ERIC Number: ED449088
Record Type: Non-Journal
Publication Date: 2000
Reference Count: N/A
The Federal Courts in American Government: A Lesson Plan for High School Law-Related Educators To Support "Understanding the Federal Courts."
Administrative Office of the United States Courts, Washington, DC.
Though the framers of the United States Constitution recognized the value of an independent judicial system, they knew that to provide justice the courts must have some accountability to the government. They knew that the system must be transparent to the public. Though the basic framework of checks and balances in the U.S. Constitution clearly gives the executive and legislative branches of government some power over the judiciary, the U.S. Constitution protects judges in their decision-making function. This lesson plan presents a structural framework for students to think about how the judiciary affects government and the public, and how government and the public affect the judiciary. The lesson plan uses excerpts provided from Federalist No. 78, the U.S. Constitution, newspaper articles, and Supreme Court decisions. It provides an overview, educational objectives, links to both civics and social studies standards, materials needed, handouts, step-by-step classroom procedures for teachers, and suggested activities and questions. (BT)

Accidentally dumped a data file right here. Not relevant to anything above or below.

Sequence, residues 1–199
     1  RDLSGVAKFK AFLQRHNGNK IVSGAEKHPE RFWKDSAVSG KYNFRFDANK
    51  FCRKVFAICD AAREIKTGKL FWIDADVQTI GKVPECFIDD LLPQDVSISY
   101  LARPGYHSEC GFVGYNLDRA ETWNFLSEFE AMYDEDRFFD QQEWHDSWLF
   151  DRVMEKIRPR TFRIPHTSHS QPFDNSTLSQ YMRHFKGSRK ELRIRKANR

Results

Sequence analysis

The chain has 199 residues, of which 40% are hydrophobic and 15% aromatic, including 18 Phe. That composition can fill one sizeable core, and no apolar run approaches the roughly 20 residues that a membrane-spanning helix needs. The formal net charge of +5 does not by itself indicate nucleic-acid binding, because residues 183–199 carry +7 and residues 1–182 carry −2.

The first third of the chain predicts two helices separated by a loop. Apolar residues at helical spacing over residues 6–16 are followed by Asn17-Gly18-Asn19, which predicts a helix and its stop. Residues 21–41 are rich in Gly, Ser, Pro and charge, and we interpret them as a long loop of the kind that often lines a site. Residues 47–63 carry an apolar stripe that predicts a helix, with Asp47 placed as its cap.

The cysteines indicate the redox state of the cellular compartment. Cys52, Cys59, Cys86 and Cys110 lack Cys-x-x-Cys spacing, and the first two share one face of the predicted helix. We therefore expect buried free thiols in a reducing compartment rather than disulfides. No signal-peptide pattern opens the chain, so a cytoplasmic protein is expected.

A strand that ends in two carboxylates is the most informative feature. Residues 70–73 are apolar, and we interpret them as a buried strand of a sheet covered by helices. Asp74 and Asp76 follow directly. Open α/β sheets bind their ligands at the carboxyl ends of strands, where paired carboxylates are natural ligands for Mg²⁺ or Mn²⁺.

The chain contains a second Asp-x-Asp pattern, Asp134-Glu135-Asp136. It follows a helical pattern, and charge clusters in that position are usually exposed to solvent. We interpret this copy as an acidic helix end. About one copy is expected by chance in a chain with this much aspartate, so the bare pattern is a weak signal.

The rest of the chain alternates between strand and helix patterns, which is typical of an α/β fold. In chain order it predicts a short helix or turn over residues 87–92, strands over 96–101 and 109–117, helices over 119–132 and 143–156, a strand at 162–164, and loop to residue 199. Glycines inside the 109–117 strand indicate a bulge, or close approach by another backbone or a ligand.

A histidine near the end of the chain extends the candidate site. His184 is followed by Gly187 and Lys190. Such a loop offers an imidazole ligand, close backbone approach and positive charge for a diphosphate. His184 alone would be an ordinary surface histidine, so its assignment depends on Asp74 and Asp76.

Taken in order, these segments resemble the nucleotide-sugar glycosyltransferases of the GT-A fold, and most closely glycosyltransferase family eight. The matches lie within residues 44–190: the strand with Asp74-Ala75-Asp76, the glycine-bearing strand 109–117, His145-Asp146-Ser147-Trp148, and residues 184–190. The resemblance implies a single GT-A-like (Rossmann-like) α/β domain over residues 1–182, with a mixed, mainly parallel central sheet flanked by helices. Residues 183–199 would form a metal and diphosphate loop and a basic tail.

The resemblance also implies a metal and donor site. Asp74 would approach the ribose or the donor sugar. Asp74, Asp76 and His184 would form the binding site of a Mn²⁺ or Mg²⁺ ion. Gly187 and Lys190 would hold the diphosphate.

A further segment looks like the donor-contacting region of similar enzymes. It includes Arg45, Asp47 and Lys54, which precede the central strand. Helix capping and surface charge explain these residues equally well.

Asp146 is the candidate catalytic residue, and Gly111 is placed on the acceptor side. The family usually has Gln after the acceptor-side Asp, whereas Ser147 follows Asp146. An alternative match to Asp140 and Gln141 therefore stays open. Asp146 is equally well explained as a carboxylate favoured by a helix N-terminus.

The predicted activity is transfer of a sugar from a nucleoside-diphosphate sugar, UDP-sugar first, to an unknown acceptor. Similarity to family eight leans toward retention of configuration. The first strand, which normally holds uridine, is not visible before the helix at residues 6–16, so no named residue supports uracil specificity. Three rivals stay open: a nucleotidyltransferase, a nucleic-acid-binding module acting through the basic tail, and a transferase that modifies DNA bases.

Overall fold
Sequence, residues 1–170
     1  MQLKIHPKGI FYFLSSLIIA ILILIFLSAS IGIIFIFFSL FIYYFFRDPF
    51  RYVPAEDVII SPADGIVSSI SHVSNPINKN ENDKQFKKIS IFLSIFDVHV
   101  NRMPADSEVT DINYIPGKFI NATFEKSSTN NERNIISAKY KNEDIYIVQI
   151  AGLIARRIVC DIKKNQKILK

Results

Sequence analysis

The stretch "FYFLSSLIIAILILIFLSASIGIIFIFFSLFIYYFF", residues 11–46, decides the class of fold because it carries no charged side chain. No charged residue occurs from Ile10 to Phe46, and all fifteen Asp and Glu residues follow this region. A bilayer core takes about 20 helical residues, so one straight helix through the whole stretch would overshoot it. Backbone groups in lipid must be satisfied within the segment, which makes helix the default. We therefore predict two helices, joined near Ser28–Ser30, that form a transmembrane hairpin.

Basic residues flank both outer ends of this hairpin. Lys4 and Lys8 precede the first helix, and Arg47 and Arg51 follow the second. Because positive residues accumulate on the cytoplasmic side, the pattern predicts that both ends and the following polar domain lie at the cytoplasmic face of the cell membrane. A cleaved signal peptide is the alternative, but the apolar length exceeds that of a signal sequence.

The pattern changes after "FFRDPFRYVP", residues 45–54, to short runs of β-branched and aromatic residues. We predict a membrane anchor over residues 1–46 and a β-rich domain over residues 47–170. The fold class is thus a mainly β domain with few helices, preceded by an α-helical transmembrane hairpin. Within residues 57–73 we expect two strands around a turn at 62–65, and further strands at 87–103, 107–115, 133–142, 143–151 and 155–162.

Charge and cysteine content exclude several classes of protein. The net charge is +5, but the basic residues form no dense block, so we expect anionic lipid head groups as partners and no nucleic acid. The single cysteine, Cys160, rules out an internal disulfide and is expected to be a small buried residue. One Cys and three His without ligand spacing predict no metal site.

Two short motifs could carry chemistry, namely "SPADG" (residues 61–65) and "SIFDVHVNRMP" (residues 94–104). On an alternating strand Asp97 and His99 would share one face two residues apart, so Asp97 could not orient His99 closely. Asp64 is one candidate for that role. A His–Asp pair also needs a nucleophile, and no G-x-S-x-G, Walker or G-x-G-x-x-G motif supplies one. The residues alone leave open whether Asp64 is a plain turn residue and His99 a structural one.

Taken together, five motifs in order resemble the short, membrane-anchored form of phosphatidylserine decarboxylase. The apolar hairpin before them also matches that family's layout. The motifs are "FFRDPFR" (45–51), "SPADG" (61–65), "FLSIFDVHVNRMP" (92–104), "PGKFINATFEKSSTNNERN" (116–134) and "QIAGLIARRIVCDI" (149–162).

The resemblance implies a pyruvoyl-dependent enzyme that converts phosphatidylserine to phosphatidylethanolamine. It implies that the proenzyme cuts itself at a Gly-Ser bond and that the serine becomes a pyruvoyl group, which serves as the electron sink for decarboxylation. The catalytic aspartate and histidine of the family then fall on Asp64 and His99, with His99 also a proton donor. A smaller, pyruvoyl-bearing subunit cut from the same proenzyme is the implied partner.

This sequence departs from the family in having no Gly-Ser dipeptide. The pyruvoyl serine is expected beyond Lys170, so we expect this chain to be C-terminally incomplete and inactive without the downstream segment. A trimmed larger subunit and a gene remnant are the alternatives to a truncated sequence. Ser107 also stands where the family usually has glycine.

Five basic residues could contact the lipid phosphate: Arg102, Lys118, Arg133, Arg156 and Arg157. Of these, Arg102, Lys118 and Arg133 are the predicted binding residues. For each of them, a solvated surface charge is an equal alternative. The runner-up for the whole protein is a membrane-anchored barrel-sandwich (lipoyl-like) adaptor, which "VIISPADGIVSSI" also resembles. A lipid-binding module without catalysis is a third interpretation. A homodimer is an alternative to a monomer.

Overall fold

Descriptors: Citizenship Education, Civil Liberties, Court Litigation, Federal Courts, Federal Government, Government Role, High Schools, Law Related Education, Social Studies, United States Government (Course)
Administrative Office of the United States Courts, 1 Columbus Circle, NE, Washington, DC 20544; For full text: http://www.uscourts.gov/outreach/index.html.
Publication Type: Guides - Non-Classroom
Education Level: N/A
Audience: Practitioners; Teachers
Authoring Institution: Administrative Office of the United States Courts, Washington, DC.
Identifiers - Laws, Policies, & Programs: United States Constitution